Plagiarism and copyright infringement are quite different things, although they often go together. Acknowledging the source of a derivative work, making it clear what is someone else's creation and what is one's own creation, generally settles any plagiarism issue. But it only exacerbates a copyright infringement case, by making it very clear that the infringement was knowing.
If a work is clearly based on the specific details of another work, it is a derivative work. the classic derivative work is a translation. but a sequel, or a new work set in the same setting, is often found to be derivative also.
Merely using the general theme or trope of a previous work does not make a new work derivative. Not every doomed romance is derivative of Romeo and Juliet (although West Side Story is). Not every "Santa is real" story is derivative of The Miracle on 34th Street. Not every story with a superhero character is derivative of Superman
But the more of the specific details of the alleged source one uses, the more derivitivev the new work is. There have been several stories about schools for magicians besides Harry Potter. Ursula LeGuin's A Wizard of EarthSea and A College of Magics by Caroline Stevermer come to mind. But if one uses such specific details as the four houses of the school and their characteristics, the importance of wands, the hidden train, the sorting hat, spells that are cast merely by saying the name of the spell, and an aerial soccer-like game, the new work begins to look very much like a derivative of the HP books, and would need Rowling's permission.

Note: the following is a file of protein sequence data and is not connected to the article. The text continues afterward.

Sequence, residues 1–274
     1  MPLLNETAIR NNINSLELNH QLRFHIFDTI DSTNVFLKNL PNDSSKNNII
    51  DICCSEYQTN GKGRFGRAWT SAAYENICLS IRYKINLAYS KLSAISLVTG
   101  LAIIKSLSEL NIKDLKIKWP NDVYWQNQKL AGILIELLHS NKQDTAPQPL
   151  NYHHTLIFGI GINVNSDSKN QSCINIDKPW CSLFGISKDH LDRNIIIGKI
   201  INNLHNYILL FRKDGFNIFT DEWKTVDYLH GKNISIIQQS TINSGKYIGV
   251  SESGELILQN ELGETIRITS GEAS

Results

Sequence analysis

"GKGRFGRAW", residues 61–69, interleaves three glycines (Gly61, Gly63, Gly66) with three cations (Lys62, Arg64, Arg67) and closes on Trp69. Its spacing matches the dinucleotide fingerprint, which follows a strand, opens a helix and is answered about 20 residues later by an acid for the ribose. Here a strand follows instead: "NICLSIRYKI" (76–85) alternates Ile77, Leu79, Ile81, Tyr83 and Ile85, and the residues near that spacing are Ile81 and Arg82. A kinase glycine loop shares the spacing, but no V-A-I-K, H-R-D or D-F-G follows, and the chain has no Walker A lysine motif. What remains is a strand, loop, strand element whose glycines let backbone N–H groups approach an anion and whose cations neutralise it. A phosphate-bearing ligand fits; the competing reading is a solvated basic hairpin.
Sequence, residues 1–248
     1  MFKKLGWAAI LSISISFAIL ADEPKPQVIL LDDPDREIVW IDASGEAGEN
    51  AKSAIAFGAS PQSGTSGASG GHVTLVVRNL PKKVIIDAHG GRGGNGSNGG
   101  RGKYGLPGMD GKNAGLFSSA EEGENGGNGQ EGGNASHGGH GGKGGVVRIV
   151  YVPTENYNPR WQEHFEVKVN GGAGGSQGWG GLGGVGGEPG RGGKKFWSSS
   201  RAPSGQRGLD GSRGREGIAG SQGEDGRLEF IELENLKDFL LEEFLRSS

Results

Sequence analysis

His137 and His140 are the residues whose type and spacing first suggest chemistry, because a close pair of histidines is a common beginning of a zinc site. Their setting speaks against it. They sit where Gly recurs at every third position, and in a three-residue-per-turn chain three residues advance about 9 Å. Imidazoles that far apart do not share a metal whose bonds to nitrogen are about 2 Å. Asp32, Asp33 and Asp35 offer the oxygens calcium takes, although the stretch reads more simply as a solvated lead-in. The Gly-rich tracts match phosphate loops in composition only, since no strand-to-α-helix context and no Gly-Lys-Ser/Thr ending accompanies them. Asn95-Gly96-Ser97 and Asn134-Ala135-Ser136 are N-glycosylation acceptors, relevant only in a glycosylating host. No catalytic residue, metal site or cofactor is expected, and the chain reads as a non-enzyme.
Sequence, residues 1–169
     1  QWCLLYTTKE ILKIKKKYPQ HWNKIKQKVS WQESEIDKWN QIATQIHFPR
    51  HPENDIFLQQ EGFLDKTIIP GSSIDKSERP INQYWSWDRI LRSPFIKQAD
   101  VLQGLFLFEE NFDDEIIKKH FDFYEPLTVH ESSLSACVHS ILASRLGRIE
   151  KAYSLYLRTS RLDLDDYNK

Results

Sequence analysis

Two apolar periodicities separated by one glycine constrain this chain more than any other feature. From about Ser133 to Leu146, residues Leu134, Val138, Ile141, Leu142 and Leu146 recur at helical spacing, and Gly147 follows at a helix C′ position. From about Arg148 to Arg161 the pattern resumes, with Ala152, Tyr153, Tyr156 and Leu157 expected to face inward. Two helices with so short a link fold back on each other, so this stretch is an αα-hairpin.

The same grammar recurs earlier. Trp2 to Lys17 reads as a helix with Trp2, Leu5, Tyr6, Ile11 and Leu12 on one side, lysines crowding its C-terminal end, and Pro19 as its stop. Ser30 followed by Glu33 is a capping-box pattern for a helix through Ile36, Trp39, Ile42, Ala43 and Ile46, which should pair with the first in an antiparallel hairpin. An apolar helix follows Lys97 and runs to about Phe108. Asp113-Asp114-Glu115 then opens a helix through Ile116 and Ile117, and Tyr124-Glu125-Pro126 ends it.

One of the rights that a copyright holder has is to create and distribute, or to permit others to create and distribute, derivative works. In US law, this is given by 17 USC 106 "(2) to prepare derivative works based upon the copyrighted work". The Berne Convention covers this in a very limited way in Article 11, section 2, which says:
Authors of dramatic or dramatico-musical works shall enjoy, during the full term of their rights in the original works, the same rights with respect to translations thereof.
Most countries, however, grant copyright holder the right to authorize all derivative works, not just translations, although the exact extent of the right varies.
In the situation described in the question it is said that
The background, the events and the races within the story are very similar ...
That mans that many specific details will be identical or quite similar. This is probably enough to make the new work derivative in copyright law, at least in the US. If so, th4e creator of the new work would need permission from the copyright holder on the source video game. In the absence of such permission, the new work would be a copyright infringement. The holder could sue, and probably obtain damages, and an injunction against further distribution.
If only the general idea was imitated, with the specific details reworked to be notably different, the new work would quite likely not be derivative as far as copyright law is concerned.